Enga Province landowners and provincial government sign Porgera agreement


Landowner and provincial government-owned consortium Mineral Resources Enga has finally signed the Porgera Project Commencement Agreement, an essential step in the ongoing process to reopen the Porgera gold mine in Enga Province. Further agreements must follow if the mine is to reopen, however.

Porgera. Credit: Zijing Mining

The Porgera Joint Venture has announced that Mineral Resources Enga, the 50/50 consortium between the Enga Provincial Government and Porgera landowners, has signed up to the Porgera Project Commencement Agreement (PPCA).

The Commencement Agreement is the ‘master’ agreement that details the terms under which the mine, which has been closed since April 2020, will reopen under a freshly-issued special mining lease.

While a signing ceremony for the PPCA was held last October, between State nominee Kumul Minerals Holdings Ltd and Barrick Niugini Limited (BNL, itself a joint venture of Canada’s Barrick Gold and China’s Zijin Mining), the signature of Mineral Resources Enga finally brings the agreement into effect, and affirms landowner and local government support for the mine’s reopening.

As well as giving Kumul Minerals Holdings Ltd and Mineral Resources Enga between them 51 per cent ownership of the mine, it is understood the Commencement Agreement also provides for Barrick Niugini to finance the reopening and gives the State the right ‘to acquire the remaining 49 per cent of the mine from BNL at fair market value after 10 years’.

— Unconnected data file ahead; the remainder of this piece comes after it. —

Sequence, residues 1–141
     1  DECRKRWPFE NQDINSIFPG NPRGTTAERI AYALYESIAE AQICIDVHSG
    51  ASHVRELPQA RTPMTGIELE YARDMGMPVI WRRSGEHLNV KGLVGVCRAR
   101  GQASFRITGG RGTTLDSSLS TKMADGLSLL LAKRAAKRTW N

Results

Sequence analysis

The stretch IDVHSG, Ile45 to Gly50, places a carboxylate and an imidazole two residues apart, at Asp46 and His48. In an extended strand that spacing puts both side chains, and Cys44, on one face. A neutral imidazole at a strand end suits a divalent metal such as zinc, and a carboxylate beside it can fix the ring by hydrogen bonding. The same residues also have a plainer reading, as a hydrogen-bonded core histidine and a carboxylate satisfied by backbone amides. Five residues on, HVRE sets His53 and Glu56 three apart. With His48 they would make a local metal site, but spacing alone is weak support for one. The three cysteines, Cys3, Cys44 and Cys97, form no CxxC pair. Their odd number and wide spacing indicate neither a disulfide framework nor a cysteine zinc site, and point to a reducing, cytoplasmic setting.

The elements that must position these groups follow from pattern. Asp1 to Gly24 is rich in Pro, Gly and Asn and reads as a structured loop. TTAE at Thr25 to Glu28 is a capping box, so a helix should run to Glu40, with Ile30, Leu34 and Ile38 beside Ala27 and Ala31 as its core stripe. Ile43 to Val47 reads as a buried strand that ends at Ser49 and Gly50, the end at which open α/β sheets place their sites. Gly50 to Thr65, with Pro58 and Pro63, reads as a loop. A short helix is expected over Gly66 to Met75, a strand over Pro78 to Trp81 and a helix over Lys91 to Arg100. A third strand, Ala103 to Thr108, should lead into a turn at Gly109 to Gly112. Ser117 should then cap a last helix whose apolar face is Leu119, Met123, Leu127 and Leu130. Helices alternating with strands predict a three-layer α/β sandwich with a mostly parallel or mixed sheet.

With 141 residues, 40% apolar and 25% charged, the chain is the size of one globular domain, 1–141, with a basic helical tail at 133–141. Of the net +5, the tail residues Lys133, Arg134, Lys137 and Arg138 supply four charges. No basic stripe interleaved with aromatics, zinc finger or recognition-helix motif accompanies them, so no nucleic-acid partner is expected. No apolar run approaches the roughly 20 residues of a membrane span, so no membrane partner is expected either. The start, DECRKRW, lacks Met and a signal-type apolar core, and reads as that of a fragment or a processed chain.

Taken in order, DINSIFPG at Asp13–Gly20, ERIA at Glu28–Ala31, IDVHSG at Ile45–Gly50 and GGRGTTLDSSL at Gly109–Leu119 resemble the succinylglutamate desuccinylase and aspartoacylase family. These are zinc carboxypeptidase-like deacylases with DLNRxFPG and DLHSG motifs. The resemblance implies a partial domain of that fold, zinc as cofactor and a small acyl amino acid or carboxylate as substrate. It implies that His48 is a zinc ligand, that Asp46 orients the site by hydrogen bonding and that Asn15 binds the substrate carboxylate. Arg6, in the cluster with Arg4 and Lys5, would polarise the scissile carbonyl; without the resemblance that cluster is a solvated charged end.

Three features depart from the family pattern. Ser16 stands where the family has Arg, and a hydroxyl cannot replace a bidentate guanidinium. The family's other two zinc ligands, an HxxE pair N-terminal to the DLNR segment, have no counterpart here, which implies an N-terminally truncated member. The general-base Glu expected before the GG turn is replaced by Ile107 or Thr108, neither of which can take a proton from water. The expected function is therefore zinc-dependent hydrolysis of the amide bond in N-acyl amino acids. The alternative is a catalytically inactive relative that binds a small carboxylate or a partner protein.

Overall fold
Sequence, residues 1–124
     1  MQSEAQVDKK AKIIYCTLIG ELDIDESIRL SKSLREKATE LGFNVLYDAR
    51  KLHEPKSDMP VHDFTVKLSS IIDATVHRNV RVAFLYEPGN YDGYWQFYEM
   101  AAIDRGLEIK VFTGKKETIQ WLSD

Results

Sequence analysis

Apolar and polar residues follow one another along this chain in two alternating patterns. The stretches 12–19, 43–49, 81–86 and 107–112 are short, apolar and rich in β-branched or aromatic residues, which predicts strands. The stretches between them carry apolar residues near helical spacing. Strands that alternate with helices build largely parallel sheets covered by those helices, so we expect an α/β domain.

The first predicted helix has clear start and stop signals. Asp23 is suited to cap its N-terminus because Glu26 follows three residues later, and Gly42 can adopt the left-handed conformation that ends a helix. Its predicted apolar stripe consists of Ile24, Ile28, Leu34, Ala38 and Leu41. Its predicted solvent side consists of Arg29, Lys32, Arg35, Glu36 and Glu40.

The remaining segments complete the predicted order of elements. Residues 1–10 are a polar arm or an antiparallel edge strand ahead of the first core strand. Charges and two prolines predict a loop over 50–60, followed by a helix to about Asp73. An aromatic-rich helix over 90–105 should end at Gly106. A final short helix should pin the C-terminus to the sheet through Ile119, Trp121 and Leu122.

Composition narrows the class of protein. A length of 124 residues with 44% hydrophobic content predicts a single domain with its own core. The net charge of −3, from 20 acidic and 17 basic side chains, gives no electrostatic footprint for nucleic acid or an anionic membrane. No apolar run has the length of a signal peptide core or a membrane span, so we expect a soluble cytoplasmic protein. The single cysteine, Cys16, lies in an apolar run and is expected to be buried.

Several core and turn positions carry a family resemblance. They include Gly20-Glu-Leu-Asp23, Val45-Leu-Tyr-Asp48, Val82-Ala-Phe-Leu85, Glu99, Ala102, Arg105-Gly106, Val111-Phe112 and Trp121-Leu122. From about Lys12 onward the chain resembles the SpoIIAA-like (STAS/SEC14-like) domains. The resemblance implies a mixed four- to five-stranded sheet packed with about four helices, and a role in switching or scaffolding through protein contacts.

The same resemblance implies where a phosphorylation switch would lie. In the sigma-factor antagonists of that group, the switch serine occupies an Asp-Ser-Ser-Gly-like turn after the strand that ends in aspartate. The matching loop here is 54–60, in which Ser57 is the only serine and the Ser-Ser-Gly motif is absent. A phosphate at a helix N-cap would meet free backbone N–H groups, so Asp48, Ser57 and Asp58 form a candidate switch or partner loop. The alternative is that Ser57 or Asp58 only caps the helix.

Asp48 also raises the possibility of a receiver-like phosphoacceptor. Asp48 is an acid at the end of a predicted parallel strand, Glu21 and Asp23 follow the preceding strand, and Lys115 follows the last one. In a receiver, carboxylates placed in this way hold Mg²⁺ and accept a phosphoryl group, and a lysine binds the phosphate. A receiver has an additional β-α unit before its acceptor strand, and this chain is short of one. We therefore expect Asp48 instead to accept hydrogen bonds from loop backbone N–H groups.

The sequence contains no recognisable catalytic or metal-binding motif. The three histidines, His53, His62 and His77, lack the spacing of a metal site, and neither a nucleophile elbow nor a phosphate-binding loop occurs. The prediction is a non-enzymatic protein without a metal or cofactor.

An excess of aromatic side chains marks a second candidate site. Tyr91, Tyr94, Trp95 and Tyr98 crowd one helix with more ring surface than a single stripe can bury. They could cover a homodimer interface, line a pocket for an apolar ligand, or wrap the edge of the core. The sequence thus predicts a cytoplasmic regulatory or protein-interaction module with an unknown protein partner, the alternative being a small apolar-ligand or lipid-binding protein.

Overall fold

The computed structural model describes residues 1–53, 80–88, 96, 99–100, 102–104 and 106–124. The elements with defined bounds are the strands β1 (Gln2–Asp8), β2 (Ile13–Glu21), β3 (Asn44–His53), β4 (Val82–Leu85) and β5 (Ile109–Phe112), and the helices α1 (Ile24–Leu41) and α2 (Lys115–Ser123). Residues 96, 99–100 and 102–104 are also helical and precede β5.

Important progress

Prime Minister James Marape and Barrick’s Mark Bristow. Credit: Porgera Joint Venture

‘The formal execution of the PPCA represents important progress,’ said Barrick Gold’s President and Chief Executive Officer Mark Bristow in a statement.

‘Our senior executives have been in PNG once again to oversee the final execution of the PPCA and the negotiation of key implementation agreements.

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‘Our task now, in partnership with the State, is to accelerate the process so that the new company, which will be 51% majority owned by Papua New Guinean shareholders, is incorporated and a sound tenement granted, enabling the mine to reopen at the earliest opportunity and resume delivering economic benefits to the landowners and community of Porgera and to PNG.’

There are still several steps that will need to be completed before the mine can reopen, including a shareholders agreement, constitution, and incorporation of the new Porgera joint venture company and an operatorship agreement.

The mine produced some 600,000 ounces of gold in 2019. Some 2766 direct employees lost their jobs following its 2020 closure, with a significant flow-on impact on surrounding communities and national government revenues.

According to Barrick Gold, the care and maintenance of the mine cost it US$39 million (K136 million) in the nine months to 30 September 2021.


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